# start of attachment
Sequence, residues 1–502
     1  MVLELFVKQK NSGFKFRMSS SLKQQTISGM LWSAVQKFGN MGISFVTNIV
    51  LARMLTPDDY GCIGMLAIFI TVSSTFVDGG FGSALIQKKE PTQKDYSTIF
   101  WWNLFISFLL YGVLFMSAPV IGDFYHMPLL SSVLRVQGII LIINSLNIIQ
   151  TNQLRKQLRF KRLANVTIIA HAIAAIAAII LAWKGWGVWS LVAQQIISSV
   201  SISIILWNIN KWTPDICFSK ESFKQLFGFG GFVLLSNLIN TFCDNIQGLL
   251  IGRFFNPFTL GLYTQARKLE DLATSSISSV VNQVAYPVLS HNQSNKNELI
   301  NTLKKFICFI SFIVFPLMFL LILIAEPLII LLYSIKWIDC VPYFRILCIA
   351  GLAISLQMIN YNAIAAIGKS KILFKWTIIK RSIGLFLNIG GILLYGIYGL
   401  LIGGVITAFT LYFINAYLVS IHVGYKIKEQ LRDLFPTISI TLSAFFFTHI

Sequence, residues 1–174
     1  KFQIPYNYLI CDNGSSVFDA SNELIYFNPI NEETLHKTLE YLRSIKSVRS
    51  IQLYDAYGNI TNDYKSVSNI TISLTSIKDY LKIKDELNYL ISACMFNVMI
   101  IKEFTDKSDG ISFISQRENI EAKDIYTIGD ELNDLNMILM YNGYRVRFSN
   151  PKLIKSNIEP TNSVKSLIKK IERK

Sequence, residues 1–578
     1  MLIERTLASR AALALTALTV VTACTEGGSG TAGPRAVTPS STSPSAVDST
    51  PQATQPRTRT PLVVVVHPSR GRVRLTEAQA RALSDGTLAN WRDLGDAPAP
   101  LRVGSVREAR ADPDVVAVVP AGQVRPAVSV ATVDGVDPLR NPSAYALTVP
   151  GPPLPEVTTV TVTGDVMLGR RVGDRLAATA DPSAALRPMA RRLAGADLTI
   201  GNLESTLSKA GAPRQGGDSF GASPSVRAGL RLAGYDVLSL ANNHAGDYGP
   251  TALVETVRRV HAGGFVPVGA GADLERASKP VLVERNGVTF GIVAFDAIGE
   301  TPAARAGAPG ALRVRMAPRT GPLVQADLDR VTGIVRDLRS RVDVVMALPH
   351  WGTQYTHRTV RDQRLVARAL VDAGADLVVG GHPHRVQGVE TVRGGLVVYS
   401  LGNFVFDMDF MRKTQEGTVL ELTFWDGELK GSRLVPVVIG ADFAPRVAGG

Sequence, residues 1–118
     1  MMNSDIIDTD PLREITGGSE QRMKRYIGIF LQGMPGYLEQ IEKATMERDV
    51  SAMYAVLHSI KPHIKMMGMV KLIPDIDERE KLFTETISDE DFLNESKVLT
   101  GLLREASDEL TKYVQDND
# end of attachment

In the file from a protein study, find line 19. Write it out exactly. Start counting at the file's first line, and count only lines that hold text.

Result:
   101  LRVGSVREAR ADPDVVAVVP AGQVRPAVSV ATVDGVDPLR NPSAYALTVP